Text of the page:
I'm afraid this is a very dull note, but get to the end for some stock ideas.
Every so often, I feel the need to "data-dump" but it makes for a very dull note. It's probably still worth skimming since the news has taken on a decidedly different tone. After what we have been through, we should look closely at what appears to be the "green shoots" of recovery, or at least the diminution of bad news.
The first item would be the unemployment claims that came out Thursday morning. Initial claims for unemployment were down 14,000 from last week at 631,000. That is still staggeringly high, but the four-week moving average was also down by a little over 10,000 to 637,250. The peak in claims came the week of March 27 when they registered 674,000. It appears that claims are settling, and, while still high, they are not getting worse. With the severe decline already noted in inventory levels that we have been writing about, it follows that production would have to turn up with any hint of an increase in final demand and the worst of the employment news may be behind us. With claims this high, we will still see very high job losses from the monthly Bureau of Labor Statistics. But we want to see a leveling-off in the carnage, and claims seem to be implying that is happening.
The Chicago Purchasing Managers Index improved to 40.1 from 31.4 in March. 50 is the dividing line between expansion and contraction, so while this report still shows contraction, it is at a decidedly lessened pace. The consensus estimate had been for an improvement but only to the 35 level. Within the report was an item relating to inventories, and it showed they declined. That reaffirms the thought from yesterday's GDP report that the cupboard is getting increasingly bare and the next move could well be a restocking.
Some 100 firms have applied to manage pieces of the Public/Private Investment Partnership- PPIP. That surprises me, since the TALF program is off to such a poor start, in part because firms are so cautious about partnering with our "claw-back" government. Choices and allocations are supposed to be made about May 15, and it could be this program to buy the impaired assets from banks will get off the ground.
Industrial production rose 1.6% in Japan, for the first gain since September 2008. And this was after being down 9.4% in February. South Korea also showed a gain of 4.8% in the same category. China has reaffirmed its expectations for 8% GDP growth this year, so the news from that section of the world is improving.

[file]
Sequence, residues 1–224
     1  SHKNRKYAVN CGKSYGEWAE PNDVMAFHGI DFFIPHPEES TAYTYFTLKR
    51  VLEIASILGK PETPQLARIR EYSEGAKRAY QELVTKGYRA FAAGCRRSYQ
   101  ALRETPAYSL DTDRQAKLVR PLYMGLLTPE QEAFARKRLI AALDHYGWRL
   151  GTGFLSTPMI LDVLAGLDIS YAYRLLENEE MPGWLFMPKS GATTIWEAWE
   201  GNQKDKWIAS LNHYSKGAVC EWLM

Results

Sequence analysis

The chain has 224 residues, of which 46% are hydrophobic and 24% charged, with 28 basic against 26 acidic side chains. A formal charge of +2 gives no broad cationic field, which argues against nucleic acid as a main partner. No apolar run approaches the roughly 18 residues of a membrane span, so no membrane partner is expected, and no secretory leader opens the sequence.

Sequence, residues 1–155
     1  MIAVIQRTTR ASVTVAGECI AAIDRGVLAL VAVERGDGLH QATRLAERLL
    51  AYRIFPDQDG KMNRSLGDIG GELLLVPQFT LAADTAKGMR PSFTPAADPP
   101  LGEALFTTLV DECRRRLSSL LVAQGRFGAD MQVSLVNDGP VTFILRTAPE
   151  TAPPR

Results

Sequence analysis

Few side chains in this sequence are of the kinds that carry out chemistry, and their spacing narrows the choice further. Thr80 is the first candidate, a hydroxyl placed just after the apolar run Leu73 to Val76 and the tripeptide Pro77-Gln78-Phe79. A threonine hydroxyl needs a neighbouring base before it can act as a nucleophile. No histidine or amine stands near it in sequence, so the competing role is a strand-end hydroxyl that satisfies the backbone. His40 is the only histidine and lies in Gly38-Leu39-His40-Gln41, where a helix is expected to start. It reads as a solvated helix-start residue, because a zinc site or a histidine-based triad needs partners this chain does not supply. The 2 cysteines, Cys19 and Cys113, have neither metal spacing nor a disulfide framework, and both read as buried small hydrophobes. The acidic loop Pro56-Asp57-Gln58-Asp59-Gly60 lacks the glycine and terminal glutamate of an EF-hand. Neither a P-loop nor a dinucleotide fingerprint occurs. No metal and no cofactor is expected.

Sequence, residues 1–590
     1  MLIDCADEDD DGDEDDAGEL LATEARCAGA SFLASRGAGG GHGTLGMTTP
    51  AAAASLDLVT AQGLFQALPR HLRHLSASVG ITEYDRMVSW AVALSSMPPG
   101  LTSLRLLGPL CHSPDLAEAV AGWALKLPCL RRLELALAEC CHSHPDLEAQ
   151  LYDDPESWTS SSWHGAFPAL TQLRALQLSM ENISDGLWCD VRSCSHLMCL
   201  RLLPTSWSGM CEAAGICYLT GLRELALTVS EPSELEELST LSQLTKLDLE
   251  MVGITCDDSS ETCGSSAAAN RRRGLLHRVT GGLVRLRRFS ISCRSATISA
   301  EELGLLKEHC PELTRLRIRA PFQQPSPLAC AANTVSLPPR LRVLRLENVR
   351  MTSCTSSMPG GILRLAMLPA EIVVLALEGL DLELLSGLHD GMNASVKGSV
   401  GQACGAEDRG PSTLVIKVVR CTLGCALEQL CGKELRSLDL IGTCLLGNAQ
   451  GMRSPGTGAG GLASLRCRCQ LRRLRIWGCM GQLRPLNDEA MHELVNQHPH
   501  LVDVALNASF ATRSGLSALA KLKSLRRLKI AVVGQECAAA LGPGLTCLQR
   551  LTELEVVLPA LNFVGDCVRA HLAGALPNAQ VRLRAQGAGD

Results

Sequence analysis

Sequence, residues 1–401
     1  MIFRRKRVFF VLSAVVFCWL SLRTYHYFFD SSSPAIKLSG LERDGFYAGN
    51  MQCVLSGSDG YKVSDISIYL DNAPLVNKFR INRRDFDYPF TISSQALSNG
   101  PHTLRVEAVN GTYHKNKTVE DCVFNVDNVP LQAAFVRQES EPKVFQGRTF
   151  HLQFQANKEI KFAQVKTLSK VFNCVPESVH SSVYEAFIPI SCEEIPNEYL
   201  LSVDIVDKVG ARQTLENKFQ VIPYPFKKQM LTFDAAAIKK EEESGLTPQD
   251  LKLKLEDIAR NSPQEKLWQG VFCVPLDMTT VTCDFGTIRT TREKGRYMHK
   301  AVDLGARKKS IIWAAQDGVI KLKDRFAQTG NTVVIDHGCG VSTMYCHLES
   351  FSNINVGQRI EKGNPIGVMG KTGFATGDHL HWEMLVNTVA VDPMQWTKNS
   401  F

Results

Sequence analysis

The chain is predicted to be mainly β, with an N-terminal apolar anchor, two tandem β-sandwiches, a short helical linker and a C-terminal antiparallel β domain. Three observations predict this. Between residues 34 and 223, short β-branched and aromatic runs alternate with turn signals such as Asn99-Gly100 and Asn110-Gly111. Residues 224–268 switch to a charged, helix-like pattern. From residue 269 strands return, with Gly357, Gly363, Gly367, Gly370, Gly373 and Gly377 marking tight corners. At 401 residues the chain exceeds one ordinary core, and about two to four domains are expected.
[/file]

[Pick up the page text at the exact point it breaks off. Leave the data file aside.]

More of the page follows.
It's worth noting a few stock recommendations from Soleil's analytical team. Harry Fong favors Travelers Insurance. He figures the company—now trading around $41—will earn over $5 this year, and the pricing environment is rapidly improving. His target of $50 is only about equal to year-end book value. Ed Roesch of Soleil/James River Research favors Kellogg. The company surprised the Street with a better-than-expected earnings report ($0.84 vs. estimates of around $0.79) and emphasized they expect to achieve $1 billion in cost savings by year-end 2011 (which would be $1.85 per share). That type of efficiency will be shared with consumers via price breaks and will allow the company to continue its well-above-average pace of advertising. Most competitors spend around 5% of revenues on ads, and K will spend 9-10%, allowing them to stay well ahead of the pack. The valuation, at 13.5 times consensus earnings, is a goodly discount to its historical valuation, and with a potential 9% EPS growth rate and a better-than-3% dividend yield, Ed thinks the stock should be bought.
Laura Martin of Soleil/Media Metrics likes Comcast. The company's triple play option is gaining favor among customers, and their earnings report showed stellar results. Revenues grew 5%. Average revenue per user (ARPU) was up a strong 8% to $115 per month as cautious consumers entertain themselves more at home, and free cash flow was well over $1.4 billion, up more than 90% from a year ago. She sees the stock at $18 from its current $15 or so.